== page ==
The town saw its demise when the mines were exhausted and its downfall was further exacerbated by the devastating San Francisco earthquake in 1906 shortly followed by the financial panic of 1907. These catastrophic events dried up funding for the mines and investors looked elsewhere, creating a mass exodus for this boom and bust town. By 1910, the population dropped to 675 and all three banks closed their doors. In 1914 the last train left Rhyolite and by 1916, the power was turned off. The town, which declined as rapidly as it rose, became a favored Hollywood film set and tourist destination.
While visiting the ruins, drop by the art installations next door, most notably Albert Szukalski’s ghostly 1984 sculpture “The Last Supper”.
Stay: Lakeside Casino & RV Park, Pahrump, Nevada – Relax at Lakeside, enjoy the hot tub, swimming pool, sandy beach, cabanas, fire pits, pedal boats & fish in the 7-acre lake. It’s also a short walk to the casino for 24-hour action!
Metropolis is unusual in several ways, but what really makes it stand out is the fact it’s one of the very few ghost towns of the West that had nothing to do with mining. In 1910, the Pacific Reclamation Company bought 40,000 acres of land northwest of Wells, Nevada with plans of making a modern farming community. They created an intricate irrigation system along with a dam along Bishop Creek and provided the town with a modern hotel, school, post office, train depot, and a multi-purpose amusement hall. A few years later, the Southern Pacific Railroad built a spur to the town, which in turn, created a population boom. In its heyday, the population peaked around 700 people, many of who were Mormons from Salt Lake City, hoping to start a new life at this would-be farmers paradise.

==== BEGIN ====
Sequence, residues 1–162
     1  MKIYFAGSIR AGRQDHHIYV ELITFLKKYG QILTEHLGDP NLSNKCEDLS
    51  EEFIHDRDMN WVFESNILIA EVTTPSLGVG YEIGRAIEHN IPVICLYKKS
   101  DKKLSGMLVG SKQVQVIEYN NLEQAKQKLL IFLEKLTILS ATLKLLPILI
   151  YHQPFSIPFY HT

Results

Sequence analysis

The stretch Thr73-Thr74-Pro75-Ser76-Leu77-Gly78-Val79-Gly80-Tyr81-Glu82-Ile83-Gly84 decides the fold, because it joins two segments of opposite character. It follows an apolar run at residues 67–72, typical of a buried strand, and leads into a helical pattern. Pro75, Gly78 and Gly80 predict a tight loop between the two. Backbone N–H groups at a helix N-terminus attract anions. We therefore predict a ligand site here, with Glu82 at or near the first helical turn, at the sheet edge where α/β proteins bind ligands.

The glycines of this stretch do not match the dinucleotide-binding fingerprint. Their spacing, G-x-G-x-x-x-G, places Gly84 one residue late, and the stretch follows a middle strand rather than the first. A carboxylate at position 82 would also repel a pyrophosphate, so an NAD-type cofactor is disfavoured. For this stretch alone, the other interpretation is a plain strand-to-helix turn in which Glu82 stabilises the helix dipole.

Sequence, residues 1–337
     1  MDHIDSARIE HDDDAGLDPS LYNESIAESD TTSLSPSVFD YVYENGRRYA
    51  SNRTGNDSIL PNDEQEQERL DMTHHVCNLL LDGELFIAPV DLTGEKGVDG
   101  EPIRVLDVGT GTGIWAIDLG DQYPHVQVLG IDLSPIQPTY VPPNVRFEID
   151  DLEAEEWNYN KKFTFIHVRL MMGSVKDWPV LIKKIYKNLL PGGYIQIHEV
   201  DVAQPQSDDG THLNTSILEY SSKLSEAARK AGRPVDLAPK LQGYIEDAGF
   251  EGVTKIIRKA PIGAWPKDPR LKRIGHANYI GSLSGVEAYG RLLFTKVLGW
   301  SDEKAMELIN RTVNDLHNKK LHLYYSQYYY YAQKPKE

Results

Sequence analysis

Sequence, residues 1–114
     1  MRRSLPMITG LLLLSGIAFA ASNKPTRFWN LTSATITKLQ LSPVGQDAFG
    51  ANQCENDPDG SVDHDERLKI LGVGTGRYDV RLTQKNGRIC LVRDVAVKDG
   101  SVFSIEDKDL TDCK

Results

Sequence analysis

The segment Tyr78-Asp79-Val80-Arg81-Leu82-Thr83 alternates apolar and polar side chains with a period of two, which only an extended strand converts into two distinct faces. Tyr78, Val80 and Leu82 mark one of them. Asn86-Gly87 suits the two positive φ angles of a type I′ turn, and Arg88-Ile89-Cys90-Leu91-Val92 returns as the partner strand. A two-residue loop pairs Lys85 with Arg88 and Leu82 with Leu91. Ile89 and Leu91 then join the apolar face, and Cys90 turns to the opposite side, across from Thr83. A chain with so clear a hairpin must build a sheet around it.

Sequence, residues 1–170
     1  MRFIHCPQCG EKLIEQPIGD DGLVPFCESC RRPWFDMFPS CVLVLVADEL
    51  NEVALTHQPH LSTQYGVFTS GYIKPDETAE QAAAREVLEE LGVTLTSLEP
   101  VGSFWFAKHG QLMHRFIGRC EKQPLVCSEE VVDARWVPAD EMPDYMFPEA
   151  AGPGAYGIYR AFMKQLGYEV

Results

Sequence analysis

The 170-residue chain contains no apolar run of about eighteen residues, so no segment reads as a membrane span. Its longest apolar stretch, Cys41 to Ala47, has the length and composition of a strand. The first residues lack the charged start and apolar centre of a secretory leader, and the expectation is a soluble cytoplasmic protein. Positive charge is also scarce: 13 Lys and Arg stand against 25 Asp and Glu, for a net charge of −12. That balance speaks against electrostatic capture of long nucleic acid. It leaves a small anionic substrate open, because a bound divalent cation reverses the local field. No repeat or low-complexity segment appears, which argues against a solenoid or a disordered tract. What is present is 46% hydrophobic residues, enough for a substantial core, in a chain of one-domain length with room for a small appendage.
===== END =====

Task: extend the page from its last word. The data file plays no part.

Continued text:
However, their luck faded fast when the town fell victim to a perfect storm of devastating events. The first major blow was a lawsuit that cost them their water rights. Around the same time, a Typhoid epidemic wrecked havoc on the town, and if that wasn’t bad enough- after the farmers killed off the coyotes, the jackrabbit population decimated the town’s crops along with the Mormon crickets. The company declared bankruptcy in 1920, the railroad discontinued service, the hotel burned down in 1936, and the school taught its last class in 1947. And that was the end for Metropolis.
Today, you can take a 20-minute drive from Wells to visit the ghost town. The only structures still standing are the ruins from the school, hotel, and the nearby cemetery.
Stay: Mountain Shadows RV Park, Wells, Nevada – Located next to the Humboldt and Ruby Mountains, this RV park allows a great opportunity for hiking, biking, fishing,
Considered the sister city of Bonanza, the spirit of the Wild West is preserved in the Sawtooth Valley’s Custer ghost town, where miners worked their claims during the 19thcentury Gold Rush. Just a short drive from Stanley, Idaho the old Yankee Fork toll road leads to the historic town of Custer, a few miles past the ruins of Bonanza. Founded in 1879, the one street town was built below the General Custer mill site. The town reached its zenith after the fires burned down the neighboring town of Bonanza bolstering its population from 300 to about 600 residents. When the last major mine was discontinued in 1911, the town’s population quickly faded. Today, you can take a free self-guided tour around the towns and cemetery. While there, make sure to stop at the impressive Yankee Fork Dredge, one of the most intact dredges in the lower 48. This 988-ton piece of machinery was used in the mid 20th century to extract nearly $1 million in gold from the five-mile stretch of land along Yankee Fork.
Stay: Challis Golf Course RV Park, Challis, Idaho – Fish, raft or kayak on the Salmon River or explore nearby ghost towns. ATV riding & hiking are plentiful here with many mountain ranges.